Understanding Criminal Law Revised Edition
Few subjects provoke as much public fascination and political concern as crime and criminality. Criminology is an ideal textbook for undergraduate students approaching the subject for the first time. It examines a wide range of topics, including historical and contemporary understandings of crime and criminal justice; different forms of crime – from street crime to state crime; who commits crime and who are the victims of crime; and how society and state agencies respond to crime and disorder. The contributions to this book offer clear, accessible introductions to the main topics and issues of criminology. Questions, summaries, further reading guidance, useful web links, and tables and diagrams can be found throughout. The third edition includes contributions from six new authors and contains new chapters on cybercrime, and ‘crime, culture, and everyday life’. Online Resource Centre This book is accompanied by an extensive Online Resource Centre which can be used by lecturers and students alike. The resources available are as follows: Lecturer Resources Lecture notes by chapter Powerpoint slides to accompany lecture notes Test bank of multiple choice questions Student Resources Updates Chapter synopses Annotated further reading lists Interactive glossary Web links.
About the Author
Dr Emma Wincup is Director of Student Education and Senior Lecturer in Criminology and Criminal Justice at the School of Law, University of Leeds.
Nutcases provide in-depth case analysis of the facts, principles and decision of the most important cases in an area of law. They include a number of features such as boxed “think points” to make them easy to use and retain the information. Nutcases are an essential revision aid and ideal for getting fully up to speed with a new subject.
What is the criminal justice system for? How does it operate? How does it treat victims, suspects, defendants and offenders? Does it work? Is it fair? Criminal Justice provides a thought-provoking and critical introduction to the challenges faced by the UK’s criminal justice system including policing, sentencing and punishment at the beginning of the 21st Century. Expert contributors, including criminologists and lawyers, provide students with a critical introduction to issues, institutions and agencies which shape the operation of the criminal justice system. A fascinating book which provides students from a range of disciplines including criminology, law, sociology, psychology and social policy with knowledge and understanding of the key areas of the subject and an appreciation of contemporary debates, policies and perspectives. Each chapter features questions, summaries, tables, diagrams, annotated further reading and weblinks, to ensure the book is as accessible and engaging as possible, and provides clear guidance on further study. An illuminating glossary of key terms is also included. Online Resource Centre This title is accompanied by an Online Resource Centre containing an online version of the glossary of key terms and annotated web links. Adopting lecturers will also have access to a test bank of multiple choice questions with answers and feedback.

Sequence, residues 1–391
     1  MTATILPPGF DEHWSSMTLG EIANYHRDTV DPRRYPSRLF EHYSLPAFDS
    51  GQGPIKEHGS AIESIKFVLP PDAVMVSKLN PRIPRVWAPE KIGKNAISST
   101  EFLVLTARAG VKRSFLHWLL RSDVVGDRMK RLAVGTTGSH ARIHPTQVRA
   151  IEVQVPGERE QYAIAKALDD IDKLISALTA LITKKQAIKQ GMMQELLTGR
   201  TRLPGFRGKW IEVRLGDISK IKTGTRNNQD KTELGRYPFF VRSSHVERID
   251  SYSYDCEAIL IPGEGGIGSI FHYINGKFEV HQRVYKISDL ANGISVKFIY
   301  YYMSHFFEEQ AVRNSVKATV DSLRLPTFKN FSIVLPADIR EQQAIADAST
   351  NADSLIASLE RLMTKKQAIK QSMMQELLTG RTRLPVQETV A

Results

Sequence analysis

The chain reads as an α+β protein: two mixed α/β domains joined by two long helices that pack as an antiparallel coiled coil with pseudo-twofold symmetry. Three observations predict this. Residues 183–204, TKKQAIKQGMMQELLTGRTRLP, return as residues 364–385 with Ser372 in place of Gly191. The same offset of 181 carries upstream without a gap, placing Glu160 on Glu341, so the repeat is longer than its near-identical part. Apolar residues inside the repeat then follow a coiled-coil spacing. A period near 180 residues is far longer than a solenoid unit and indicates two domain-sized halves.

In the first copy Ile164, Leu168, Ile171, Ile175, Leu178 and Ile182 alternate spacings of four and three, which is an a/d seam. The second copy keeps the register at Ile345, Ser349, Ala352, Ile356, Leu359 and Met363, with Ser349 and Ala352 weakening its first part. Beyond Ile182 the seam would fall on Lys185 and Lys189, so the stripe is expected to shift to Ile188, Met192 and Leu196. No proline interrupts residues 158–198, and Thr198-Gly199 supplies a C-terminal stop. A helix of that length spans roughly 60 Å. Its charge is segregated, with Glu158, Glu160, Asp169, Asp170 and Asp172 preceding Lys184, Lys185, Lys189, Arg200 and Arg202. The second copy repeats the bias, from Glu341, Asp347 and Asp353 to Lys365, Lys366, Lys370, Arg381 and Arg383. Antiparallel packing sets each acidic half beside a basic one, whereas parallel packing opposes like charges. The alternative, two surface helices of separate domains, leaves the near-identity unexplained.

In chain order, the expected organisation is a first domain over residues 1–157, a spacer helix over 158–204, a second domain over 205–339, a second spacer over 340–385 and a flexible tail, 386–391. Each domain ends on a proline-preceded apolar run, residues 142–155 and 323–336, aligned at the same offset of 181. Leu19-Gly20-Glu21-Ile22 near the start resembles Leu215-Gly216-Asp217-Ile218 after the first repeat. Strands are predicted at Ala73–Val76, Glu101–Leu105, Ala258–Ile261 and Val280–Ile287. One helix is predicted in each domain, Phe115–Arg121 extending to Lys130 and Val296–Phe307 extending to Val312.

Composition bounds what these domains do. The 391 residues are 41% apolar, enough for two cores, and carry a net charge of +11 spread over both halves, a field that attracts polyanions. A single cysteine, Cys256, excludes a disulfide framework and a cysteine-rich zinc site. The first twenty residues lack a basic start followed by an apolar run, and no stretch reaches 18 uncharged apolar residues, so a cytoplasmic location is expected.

About the Author
Azrini Wahidin is Professor of Criminology and Criminal Justice at Nottingham Trent University.
Key Issues in Criminal Career Research: New Analyses of the Cambridge Study in Delinquent Development
This 2007 book examines several contentious and under-studied criminal career issues using one of the world’s most important longitudinal studies, the Cambridge Study in Delinquent Development (CSDD), a longitudinal study of 411 South London boys followed in criminal records to age 40. The analysis reported in the book explores issues related to prevalence, offending frequency, specialization, onset sequences, co-offending, chronicity, career length, and trajectory estimation. The results of the study are considered in the context of developmental/life-course theories, and the authors outline an agenda for criminal career research generally, and within the context of the CSDD specifically.
About the Author
Alex R. Piquero, Ph.D. is Professor of Criminology, Law and Society at the University of Florida. He currently serves on the editorial boards of eleven journals including: Criminology, Journal of Research in Crime and Delinquency, Journal of Quantitative Criminology, etc. He has been recognized as the leading publisher of articles in criminology/criminal justice from 1996-2000 and again from 2000-2004 by articles published in the Journal of Criminal Justice. David P. Farrington, OBE, is Professor of Psychological Criminology at the Institute of Criminology, Cambridge University. He is a Fellow of the British Academy, of the Academy of Medical Sciences, of the British Psychological society and of the American Society of Criminology, and an Honorary Life Member of the British Society of Criminology and of the Division of Forensic Psychology of the British Psychological Society. Alfred Blumstein is a University Professor and the J. Erik Jonsson Professor of Urban Systems and Operations Research and former Dean (from 1986 to 1993) at the H. John Heinz III School of Public Policy and Management of Carnegie Mellon University.